Being a trainee has given me the opportunity to expand my knowledge and experience in different areas of law whilst working with colleagues across the firm. As a second year Trainee in Woodfines, I have recently finished my second seat in our firm’s Commercial Property department and have embarked on my third seat in the Litigation department.
Any seat move does not come without its challenges. Moving into a different area of law having just gotten my head round the last area feels a little like I am in the deep end whilst still learning how to swim. There are different clients, colleagues and a new office to familiarise myself with and it feels very much like starting a new job.
So far I have had the privilege of working with the Family and Commercial Property teams. I have also had the invaluable opportunity to work as a paralegal in Litigation prior to starting my training contract which has made this seat change a little less daunting. Although the law is the law, each area has a different client base and requires a different approach, especially when moving between contentious and non-contentious areas and learning to temper your tone accordingly is a skill which is essential.
Starting work in a new seat can feel a little disjointed as you are working on elements of a transaction often out of context, but at around the three month mark I have found my confidence has grown and having experienced each component in its own right, I am in a better position to run a file from start to finish, which is particularly rewarding. Each trainee is allocated a Training Principal and has the opportunity to draw on their supervisor’s expertise, sit in on client meetings and attend court.
It seems to be anecdotal that trainees spend their time photocopying. In this firm however, I have never found that to be the case and have always been treated as a key member of each team and involved from day one.
As a trainee I have access to firm-wide webinars and training in all areas of law which I have found to be useful, not only in broadening my knowledge of the law in the seat I am in, but also understanding niche crossover legal issues.
Trainees are also encouraged to become involved with networking events. This month alone I have had the chance to attend a business breakfast event, a careers fair at a local Upper School and present an award on behalf of the firm at Bedfordshire Business Women Awards 2018. I truly believe that networking is a skill all solicitors should have and I have been grateful to attend the training sessions which Woodfines has provided to maximise effectiveness in this area.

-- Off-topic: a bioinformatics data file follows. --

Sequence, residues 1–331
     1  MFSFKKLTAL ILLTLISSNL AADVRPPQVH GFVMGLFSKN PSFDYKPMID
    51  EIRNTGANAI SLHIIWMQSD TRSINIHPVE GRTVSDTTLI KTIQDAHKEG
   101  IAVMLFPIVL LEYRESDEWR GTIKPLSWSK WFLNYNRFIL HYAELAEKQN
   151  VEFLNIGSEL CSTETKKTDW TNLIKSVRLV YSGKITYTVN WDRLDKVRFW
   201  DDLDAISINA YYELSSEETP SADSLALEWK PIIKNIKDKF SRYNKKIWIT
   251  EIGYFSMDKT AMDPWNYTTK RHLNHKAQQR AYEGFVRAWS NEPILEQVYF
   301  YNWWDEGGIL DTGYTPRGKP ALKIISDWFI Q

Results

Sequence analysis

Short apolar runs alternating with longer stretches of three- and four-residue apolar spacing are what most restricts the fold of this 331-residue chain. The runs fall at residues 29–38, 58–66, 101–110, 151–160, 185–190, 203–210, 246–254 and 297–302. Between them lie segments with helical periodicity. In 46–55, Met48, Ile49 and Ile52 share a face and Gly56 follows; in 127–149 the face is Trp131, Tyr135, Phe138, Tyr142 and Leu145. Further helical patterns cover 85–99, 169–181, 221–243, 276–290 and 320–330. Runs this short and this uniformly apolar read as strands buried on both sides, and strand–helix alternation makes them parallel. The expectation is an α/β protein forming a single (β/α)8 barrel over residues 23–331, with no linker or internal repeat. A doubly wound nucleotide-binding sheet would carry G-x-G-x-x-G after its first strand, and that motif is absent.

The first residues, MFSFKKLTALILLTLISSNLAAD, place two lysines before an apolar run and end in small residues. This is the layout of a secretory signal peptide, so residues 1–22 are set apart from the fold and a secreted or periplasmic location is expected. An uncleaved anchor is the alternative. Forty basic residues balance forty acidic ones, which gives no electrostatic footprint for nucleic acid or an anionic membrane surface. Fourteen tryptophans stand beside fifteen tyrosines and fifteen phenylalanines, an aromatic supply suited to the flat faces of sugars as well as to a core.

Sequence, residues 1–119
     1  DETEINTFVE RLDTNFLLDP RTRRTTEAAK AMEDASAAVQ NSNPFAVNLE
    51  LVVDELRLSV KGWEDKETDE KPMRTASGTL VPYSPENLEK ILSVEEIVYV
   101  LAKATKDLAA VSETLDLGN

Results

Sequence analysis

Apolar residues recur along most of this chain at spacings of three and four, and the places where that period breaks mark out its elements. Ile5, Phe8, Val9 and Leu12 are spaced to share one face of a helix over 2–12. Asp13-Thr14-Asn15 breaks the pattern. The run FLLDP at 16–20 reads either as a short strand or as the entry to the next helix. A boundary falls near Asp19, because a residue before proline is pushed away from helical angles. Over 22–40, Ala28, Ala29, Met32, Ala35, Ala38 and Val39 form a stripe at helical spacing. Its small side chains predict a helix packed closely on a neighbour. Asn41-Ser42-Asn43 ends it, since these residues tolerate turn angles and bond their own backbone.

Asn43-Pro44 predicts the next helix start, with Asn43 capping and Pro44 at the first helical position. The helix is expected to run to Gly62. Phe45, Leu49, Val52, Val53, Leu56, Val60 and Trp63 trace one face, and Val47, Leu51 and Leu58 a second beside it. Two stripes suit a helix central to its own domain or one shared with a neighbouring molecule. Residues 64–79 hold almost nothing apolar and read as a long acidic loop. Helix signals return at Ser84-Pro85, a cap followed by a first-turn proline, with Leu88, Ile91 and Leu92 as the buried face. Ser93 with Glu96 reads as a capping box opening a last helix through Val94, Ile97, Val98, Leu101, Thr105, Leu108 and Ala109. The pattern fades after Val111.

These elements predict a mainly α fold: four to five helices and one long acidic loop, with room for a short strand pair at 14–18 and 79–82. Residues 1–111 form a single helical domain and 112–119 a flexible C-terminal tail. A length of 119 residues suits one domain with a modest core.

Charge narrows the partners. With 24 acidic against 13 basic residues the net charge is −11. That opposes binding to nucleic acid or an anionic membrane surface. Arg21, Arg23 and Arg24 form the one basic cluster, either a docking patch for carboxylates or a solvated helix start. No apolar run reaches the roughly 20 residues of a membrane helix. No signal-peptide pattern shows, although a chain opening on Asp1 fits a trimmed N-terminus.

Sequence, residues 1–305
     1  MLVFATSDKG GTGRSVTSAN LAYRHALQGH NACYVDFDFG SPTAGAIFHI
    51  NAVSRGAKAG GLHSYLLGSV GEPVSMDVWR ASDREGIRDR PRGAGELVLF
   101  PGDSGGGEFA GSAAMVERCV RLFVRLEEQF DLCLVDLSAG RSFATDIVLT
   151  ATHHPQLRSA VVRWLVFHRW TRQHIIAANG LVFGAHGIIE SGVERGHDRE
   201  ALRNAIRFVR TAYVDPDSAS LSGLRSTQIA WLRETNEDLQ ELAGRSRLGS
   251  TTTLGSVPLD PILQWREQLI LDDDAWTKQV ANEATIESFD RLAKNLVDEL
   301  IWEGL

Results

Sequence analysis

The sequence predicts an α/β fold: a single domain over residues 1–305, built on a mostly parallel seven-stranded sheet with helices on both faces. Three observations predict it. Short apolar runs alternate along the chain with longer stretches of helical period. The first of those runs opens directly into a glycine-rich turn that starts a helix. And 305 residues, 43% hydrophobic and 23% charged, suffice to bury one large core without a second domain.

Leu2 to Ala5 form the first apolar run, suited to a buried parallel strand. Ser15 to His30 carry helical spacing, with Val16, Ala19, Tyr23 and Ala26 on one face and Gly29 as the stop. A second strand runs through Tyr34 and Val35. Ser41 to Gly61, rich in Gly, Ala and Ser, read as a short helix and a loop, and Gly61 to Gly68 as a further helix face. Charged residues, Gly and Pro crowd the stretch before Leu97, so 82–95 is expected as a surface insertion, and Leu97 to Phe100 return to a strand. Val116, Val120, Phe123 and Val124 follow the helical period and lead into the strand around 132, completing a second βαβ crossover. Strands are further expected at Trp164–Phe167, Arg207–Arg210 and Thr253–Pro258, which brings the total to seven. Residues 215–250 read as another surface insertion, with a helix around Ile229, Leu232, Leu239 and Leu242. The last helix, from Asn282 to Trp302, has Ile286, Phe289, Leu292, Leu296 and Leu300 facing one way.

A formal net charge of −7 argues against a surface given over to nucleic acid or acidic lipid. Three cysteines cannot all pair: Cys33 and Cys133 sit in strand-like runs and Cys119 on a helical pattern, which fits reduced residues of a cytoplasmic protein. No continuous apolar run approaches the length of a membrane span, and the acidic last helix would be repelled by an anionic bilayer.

I think you can go into a training contract with a very firm view of the area you want to qualify into, and while inevitably there are seats you enjoy more than others, in my experience, some of the areas I had not previously considered have been the ones I have enjoyed the most, so having an open mind is essential in really getting the most from each experience. It is also worth noting that regardless of the area in which you qualify, knowledge gained in a different seat is never wasted as all areas of law are intrinsically linked in some way, and the skills acquired will help you understand a transaction more holistically.
My advice to any new trainee is firstly, be proactive. A training contract only lasts two years, and you will get out of it what you are willing to put in. Secondly, it is tempting to want to hurry the process along but it is worth remembering that a training contract gives you a unique and privileged opportunity to learn from experienced practitioners and familiarise yourself with different areas of law whilst being granted a safety net, something you are unlikely to have at any other point in your career, and is gone sooner than you expect. Make the most of the experience and use your time to strive for excellence.